At intake, FPC staff also use a detailed screening form that is used in FPC housing programs and that FPC staff encourage AIDS service organization partners to use statewide. The screening tool is used to assess physical and mental health, oral health, financial assets, legal history, and transportation issues. The use of a universal screening form allows intake staff to ask clients about their long-term housing plans, beyond the three-year limit of the IHHP program. Physical and mental health status is assessed at intake and then annually, at a minimum. As part of the intake process, the case manager contacts the applicant’s health care providers; for some clients, the case manager may call the provider as often as once a week. The case manager also creates an individualized housing plan, linking the client to a range of medical and social services, such as the AIDS Drug Assistance Program (ADAP), RWP, Medicaid, SSI, TANF, and SNAP. At FPC, health care coordination includes setting appointments; ensuring that clients get to appointments; working with pharmacies to help clients refill prescriptions, ensuring that clients understand any medical jargon, and accompanying clients to appointments, if needed. Overall, FPC described a high level of integration between HIV housing and medical care.
PHB’s service partners, CAP and MCHD, use a “no wrong door” approach to intake. That is, they work closely together to integrate housing and care at the client level regardless of whether the initial point of contact by someone with HIV/AIDS is with the housing or the medical care system. CAP and MCHD conduct intake assessments independently. CAP collects clients’ demographic information and creates a profile in HMIS. CAP staff assess clients across a wide range of indicators, including housing stability/status, behavioral health (mental health, substance use, domestic violence), medical care, insurance, and risk indicators (unprotected sex and drug/alcohol use), then refer the client to the appropriate programs. MCHD also assesses clients’ housing needs upon intake, relies on CAP for support on most housing-related issues, but also refers clients to other non-HIV-specific housing resources in the community, as appropriate. MCHD and CAP informants reflected on the relative merits of their case management approaches. MCHD medical case managers could confer directly and immediately with clients and health care providers, offering rapid referral and care coordination; however, they have high case loads, which reduces their frequency of client contact. CAP staff work with lower case loads and a higher degree of flexibility and thus are able to accompany clients to appointments (with lawyers, landlords, or even health care providers) and facilitate assistance with overcoming a variety of barriers to care.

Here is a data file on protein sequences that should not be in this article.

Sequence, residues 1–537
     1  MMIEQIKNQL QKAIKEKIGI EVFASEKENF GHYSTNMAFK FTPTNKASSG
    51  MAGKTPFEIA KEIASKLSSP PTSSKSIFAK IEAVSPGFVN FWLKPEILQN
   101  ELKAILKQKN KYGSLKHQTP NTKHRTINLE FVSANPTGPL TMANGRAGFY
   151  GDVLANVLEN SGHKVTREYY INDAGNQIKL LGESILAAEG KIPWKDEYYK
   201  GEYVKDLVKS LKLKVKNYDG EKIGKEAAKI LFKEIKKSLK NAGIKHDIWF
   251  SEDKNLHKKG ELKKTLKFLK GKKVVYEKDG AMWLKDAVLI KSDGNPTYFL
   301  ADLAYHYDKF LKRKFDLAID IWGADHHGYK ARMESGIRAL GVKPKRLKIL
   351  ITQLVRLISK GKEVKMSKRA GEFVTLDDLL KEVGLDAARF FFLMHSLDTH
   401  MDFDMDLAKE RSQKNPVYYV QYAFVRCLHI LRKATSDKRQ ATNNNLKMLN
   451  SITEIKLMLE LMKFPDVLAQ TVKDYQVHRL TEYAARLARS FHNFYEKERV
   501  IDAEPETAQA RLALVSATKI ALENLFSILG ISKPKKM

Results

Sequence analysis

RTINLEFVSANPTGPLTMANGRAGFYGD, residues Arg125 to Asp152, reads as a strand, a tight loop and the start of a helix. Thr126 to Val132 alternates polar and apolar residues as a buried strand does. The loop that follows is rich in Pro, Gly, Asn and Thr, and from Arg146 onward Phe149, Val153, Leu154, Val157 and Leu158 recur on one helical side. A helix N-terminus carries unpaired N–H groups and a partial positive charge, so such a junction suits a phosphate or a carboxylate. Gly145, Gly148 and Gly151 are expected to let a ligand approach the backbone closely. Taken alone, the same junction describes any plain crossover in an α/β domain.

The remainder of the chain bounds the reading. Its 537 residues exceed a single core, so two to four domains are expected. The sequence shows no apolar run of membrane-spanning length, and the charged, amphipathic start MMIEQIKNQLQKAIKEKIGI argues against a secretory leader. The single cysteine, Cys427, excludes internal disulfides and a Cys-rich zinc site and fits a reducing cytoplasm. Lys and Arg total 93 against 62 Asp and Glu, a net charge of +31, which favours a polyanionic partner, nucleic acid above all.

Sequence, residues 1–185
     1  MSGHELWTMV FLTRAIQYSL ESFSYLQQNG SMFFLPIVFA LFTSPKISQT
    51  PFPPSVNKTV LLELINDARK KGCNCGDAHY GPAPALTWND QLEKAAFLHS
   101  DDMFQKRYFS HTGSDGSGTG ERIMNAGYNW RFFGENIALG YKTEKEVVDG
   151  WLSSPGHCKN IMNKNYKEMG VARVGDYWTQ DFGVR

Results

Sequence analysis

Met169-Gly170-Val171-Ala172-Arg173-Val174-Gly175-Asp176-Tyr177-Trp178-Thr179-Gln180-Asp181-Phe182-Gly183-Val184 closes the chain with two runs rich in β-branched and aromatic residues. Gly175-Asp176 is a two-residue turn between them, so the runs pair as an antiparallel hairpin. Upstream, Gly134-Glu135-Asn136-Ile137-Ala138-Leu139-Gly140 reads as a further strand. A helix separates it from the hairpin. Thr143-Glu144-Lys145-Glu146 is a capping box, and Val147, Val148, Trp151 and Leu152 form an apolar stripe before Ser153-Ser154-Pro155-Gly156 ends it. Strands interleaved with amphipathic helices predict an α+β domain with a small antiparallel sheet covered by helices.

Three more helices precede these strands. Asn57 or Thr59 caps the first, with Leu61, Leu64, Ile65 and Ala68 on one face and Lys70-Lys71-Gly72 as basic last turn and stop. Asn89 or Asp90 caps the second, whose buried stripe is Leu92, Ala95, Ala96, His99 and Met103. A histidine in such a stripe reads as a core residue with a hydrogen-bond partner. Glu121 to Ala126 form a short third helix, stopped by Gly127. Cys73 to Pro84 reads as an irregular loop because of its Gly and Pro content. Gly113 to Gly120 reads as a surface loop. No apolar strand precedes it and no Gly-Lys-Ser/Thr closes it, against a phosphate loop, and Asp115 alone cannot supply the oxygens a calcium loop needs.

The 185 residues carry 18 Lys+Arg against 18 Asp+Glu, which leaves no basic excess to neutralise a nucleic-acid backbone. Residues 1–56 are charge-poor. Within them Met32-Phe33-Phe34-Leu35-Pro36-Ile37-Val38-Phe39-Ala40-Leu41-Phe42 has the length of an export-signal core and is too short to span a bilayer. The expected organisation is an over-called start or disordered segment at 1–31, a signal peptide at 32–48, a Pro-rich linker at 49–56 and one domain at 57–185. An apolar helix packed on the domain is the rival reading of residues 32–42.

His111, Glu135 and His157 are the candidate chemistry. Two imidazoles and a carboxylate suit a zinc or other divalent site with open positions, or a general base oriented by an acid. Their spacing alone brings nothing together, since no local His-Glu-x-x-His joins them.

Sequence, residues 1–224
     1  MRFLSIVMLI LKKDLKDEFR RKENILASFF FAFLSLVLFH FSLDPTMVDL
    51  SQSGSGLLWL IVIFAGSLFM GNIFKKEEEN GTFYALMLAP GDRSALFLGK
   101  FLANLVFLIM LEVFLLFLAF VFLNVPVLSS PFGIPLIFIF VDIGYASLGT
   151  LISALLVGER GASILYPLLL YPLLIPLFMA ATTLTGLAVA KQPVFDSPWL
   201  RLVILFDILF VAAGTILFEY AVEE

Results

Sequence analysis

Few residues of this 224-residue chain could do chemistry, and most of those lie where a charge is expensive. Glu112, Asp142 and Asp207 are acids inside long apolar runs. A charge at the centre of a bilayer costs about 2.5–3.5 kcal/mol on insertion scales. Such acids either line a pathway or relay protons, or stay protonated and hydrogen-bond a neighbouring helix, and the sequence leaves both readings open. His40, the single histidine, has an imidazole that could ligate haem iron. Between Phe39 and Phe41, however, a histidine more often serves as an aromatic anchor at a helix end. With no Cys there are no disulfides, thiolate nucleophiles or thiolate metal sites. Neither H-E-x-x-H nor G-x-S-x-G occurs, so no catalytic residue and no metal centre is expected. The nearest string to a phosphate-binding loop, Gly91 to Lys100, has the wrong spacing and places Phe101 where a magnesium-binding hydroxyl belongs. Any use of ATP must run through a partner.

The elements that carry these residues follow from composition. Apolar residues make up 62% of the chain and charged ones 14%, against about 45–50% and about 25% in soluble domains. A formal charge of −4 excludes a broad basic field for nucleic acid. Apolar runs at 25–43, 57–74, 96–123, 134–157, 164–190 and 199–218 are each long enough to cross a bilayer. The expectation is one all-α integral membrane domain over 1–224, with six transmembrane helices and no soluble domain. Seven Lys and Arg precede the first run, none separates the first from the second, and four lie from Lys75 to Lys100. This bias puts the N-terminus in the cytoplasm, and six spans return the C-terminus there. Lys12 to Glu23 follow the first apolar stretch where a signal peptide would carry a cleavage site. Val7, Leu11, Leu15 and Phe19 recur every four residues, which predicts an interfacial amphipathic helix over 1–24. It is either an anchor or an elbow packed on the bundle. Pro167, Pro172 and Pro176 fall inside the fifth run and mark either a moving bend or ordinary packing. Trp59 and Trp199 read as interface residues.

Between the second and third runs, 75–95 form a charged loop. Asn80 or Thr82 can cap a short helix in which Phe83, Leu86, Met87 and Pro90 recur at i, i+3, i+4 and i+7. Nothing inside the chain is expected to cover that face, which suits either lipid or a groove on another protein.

CARES is working to create a seamless collaborative team approach to integrate housing programs with (1) health care, (2) support services (e.g., HIV prevention, mental health, and substance abuse treatment), and (3) vocational rehabilitation and employment programs. Like PHB, CARES’ partner organizations, ADC and CCCS, use a similar in-depth intake and assessment process. Clients are referred to ADC or CCCS and assessed (using the same program assessment template) regarding their interest in employment, eligibility for HOPWA, and legal history. Clients are contacted at least once a month, but more frequently if required. Both ADC and CCCS conduct in-person visits at which they develop individualized service plans that address employment, improvement in health, and access to primary care. Clients are connected to housing, vocational training and employment services, and medical care depending on their needs and goals as detailed in their service plan. The case manager is in regular contact with medical providers to ensure that clients are complying with their recommended course of treatment and are attending primary care appointments. HIV-related documentation is also collected and includes viral loads and CD4 counts.